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Access to justice for disadvantaged communities$
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Marjorie Mayo, Gerald Koessl, Matthew Scott, and Imogen Slater

Print publication date: 2014

Print ISBN-13: 9781447311027

Published to Policy Press Scholarship Online: September 2014

DOI: 10.1332/policypress/9781447311027.001.0001

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PRINTED FROM POLICY PRESS SCHOLARSHIP ONLINE (www.policypress.universitypressscholarship.com). (c) Copyright Policy Press, 2020. All Rights Reserved. An individual user may print out a PDF of a single chapter of a monograph in PPSO for personal use.date: 31 March 2020

Public service modernisation, restructuring and recommodification

Public service modernisation, restructuring and recommodification

Chapter:
(p.61) Five Public service modernisation, restructuring and recommodification
Source:
Access to justice for disadvantaged communities
Author(s):

Marjorie Mayo

Gerald Koessl

Matthew Scott

Imogen Slater

Publisher:
Policy Press
DOI:10.1332/policypress/9781447311027.003.0006

Chapter five draws upon the research findings to examine the effects of changes to the provision of legal aid. There were increased pressures on management and accountability systems for instance. Law Centres had been characterised by collective ways of working in many cases, with a strong focus upon accountability downwards to the communities that they served. But it was becoming increasingly difficult to maintain these types of approaches, whilst meeting the requirements of the Legal Services Commission, including the performance targets involved. There were pressures on the pay and working conditions of Law Centre staff in the context of these financial constraints. And there were pressures towards deskilling, as the Legal Services Commission encouraged the use of cheaper, less skilled labour, to reduce costs and so keep within budget. One of the most challenging dilemmas related to the potential pressure to start charging clients for some services. For some Law Centre staff and volunteers this was becoming a pragmatic necessity, in order to keep services going at all. For others, though, such a development would represent a fundamental betrayal of Law Centres’ ethos and values.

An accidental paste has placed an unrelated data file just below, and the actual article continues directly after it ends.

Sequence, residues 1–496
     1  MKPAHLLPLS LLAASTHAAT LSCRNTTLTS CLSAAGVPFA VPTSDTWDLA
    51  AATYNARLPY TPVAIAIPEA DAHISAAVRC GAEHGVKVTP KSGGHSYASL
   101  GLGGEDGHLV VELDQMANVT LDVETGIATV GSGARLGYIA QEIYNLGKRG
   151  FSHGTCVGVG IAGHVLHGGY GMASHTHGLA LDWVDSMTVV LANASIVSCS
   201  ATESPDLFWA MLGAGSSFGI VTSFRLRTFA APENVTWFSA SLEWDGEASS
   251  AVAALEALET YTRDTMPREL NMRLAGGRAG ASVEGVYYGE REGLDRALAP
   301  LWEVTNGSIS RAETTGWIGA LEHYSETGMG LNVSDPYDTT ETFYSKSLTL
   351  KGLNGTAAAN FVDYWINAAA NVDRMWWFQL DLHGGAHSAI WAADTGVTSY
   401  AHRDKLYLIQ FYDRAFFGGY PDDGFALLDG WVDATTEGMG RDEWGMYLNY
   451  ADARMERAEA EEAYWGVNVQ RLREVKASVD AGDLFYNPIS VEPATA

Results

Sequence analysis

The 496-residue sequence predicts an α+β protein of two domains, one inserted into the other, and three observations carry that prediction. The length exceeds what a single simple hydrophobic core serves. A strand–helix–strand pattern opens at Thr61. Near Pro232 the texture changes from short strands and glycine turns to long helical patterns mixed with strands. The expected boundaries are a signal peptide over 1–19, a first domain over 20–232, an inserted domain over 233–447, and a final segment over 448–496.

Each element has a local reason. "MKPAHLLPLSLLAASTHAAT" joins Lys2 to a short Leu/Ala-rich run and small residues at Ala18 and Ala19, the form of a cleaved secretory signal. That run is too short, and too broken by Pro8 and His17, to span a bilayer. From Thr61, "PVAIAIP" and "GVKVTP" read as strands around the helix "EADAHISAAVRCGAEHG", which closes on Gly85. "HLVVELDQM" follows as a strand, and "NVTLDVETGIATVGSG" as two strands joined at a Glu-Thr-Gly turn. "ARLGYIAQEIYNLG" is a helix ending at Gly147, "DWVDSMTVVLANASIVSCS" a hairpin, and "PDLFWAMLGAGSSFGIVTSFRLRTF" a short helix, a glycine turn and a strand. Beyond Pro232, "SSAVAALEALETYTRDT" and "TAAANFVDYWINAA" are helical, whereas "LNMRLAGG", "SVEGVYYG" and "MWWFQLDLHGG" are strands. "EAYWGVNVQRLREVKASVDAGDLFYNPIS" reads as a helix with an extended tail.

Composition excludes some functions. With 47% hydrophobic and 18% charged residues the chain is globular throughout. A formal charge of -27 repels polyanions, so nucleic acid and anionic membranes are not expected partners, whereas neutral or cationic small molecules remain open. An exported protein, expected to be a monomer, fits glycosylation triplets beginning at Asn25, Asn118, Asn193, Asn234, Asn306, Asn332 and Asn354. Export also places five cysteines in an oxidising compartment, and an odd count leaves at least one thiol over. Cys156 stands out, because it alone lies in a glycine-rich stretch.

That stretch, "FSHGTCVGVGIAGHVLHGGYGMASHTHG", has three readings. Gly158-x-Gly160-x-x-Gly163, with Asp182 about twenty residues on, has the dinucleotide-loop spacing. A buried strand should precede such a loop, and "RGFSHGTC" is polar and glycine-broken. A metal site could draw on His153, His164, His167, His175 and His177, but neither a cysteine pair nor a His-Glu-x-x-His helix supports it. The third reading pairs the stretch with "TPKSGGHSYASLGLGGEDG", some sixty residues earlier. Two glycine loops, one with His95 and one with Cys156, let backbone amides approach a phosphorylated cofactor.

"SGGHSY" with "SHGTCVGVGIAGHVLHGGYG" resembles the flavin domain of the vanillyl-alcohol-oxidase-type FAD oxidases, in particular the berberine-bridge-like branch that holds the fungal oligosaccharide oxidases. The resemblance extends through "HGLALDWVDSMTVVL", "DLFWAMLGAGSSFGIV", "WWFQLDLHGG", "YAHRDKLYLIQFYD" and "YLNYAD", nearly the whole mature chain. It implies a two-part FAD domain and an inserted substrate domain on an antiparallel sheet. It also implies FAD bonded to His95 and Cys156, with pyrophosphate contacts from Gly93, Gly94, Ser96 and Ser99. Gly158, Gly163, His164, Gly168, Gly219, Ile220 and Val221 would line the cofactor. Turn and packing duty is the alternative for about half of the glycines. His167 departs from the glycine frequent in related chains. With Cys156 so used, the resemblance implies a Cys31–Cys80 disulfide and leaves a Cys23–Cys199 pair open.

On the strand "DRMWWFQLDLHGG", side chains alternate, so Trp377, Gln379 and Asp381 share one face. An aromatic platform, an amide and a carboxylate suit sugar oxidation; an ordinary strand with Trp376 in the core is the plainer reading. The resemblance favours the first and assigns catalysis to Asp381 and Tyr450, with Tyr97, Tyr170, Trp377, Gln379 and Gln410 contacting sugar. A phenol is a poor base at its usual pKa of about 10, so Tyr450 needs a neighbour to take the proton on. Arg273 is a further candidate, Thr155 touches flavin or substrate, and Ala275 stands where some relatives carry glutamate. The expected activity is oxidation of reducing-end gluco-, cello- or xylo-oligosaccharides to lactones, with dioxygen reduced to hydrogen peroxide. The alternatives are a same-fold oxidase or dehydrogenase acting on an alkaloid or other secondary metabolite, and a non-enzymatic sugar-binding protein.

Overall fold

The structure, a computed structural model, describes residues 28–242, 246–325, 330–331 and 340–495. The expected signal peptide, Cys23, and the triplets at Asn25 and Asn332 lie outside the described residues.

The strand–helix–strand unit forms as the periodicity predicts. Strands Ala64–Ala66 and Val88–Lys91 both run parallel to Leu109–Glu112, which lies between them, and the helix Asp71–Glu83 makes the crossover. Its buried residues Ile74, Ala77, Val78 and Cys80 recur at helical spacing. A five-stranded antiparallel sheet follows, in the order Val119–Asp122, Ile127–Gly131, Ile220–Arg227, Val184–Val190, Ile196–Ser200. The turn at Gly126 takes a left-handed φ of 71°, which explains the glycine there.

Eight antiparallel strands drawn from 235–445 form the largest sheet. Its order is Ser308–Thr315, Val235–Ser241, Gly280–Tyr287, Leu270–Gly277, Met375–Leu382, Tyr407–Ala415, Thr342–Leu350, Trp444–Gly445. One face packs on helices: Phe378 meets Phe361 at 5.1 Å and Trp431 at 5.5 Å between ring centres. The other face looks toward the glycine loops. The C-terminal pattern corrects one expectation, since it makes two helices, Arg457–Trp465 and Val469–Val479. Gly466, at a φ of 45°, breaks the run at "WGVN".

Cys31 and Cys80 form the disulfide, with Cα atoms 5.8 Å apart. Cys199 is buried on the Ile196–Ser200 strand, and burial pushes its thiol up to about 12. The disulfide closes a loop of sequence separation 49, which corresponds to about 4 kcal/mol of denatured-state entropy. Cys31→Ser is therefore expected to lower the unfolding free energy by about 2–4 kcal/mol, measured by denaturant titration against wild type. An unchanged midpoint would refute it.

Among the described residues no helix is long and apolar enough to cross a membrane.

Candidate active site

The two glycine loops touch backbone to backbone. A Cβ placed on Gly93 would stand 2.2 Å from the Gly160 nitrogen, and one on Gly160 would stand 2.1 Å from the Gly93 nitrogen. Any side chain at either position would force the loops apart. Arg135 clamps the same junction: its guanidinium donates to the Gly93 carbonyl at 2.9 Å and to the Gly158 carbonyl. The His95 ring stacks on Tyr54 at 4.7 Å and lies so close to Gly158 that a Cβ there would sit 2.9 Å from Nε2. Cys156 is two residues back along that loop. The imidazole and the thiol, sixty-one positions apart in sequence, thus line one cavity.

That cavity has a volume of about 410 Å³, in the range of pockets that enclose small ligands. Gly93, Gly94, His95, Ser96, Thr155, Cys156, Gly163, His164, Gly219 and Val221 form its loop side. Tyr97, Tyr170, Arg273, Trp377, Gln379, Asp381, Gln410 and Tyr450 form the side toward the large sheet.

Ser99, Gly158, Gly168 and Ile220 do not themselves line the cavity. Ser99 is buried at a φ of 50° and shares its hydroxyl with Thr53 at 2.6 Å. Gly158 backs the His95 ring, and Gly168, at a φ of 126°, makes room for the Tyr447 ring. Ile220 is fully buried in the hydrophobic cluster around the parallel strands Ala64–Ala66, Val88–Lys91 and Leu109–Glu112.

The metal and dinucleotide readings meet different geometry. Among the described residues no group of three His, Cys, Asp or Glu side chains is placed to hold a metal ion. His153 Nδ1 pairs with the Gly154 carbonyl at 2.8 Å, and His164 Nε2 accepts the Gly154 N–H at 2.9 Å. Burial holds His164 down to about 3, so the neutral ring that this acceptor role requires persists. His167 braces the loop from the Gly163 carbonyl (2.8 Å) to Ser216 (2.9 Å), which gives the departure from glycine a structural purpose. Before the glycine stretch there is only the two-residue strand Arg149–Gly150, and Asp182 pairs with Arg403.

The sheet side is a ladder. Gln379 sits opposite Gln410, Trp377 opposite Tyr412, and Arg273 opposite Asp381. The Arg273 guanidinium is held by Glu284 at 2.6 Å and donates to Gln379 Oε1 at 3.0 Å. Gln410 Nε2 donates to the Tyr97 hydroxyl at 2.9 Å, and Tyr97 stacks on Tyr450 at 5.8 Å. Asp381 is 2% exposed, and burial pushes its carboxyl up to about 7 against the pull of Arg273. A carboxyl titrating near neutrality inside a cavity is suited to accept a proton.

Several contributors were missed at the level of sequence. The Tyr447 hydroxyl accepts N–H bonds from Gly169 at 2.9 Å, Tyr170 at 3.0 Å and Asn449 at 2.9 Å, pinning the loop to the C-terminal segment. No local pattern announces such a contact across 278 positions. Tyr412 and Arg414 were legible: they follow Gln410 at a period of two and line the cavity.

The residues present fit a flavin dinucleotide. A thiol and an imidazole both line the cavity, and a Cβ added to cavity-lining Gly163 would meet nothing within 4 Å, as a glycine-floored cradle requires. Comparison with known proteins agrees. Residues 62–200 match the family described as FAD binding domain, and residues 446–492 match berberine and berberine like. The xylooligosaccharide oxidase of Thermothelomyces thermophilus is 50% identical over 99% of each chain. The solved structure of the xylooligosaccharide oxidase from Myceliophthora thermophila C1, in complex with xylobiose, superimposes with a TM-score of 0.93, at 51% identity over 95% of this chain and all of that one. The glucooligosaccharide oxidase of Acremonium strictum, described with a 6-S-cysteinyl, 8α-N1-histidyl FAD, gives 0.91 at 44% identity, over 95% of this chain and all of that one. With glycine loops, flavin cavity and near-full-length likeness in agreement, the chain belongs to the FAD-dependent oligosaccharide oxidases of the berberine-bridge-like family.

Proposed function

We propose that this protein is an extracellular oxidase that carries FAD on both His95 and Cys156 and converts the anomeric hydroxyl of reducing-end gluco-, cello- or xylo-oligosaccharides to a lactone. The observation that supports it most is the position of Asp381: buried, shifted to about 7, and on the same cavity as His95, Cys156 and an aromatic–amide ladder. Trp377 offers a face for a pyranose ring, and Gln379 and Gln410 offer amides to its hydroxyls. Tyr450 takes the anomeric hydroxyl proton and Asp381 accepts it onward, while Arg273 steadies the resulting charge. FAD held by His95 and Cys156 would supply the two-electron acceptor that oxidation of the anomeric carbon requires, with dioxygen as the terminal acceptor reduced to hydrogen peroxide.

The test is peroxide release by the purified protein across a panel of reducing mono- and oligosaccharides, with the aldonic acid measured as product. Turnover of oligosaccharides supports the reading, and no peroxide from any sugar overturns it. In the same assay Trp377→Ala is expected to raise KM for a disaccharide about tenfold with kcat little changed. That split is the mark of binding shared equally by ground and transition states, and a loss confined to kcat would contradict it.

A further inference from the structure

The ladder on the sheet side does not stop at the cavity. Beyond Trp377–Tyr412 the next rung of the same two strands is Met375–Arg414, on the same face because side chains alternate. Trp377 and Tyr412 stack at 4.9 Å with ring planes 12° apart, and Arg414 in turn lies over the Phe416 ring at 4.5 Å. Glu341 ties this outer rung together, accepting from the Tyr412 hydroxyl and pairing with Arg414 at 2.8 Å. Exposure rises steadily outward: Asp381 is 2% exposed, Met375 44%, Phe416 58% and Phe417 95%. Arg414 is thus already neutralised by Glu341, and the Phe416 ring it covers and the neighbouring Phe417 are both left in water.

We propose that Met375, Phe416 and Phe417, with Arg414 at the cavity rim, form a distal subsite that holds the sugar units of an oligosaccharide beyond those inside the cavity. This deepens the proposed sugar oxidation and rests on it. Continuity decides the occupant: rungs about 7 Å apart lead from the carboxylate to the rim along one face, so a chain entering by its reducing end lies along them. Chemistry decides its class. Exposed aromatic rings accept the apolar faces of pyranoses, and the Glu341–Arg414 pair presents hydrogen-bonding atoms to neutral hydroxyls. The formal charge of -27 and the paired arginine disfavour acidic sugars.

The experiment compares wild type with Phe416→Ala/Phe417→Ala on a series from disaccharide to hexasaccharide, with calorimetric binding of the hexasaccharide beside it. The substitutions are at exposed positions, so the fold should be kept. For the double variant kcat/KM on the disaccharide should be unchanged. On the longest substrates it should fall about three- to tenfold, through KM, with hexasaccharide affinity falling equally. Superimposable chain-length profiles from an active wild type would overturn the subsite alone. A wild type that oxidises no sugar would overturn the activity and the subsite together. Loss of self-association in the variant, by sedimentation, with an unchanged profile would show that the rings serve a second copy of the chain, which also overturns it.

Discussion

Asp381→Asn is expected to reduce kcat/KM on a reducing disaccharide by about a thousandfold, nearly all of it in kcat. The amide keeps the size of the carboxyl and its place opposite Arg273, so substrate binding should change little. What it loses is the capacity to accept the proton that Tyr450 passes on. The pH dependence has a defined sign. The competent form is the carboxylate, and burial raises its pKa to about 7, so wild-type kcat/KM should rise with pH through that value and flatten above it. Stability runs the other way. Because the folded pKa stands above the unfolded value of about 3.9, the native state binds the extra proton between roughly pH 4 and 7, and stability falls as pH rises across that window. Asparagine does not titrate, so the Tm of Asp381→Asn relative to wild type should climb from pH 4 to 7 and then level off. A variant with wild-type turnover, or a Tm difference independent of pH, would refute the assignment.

Keywords:   Public service modernisation, public service marketization, public service restructuring, Law Centre staff de-skilling

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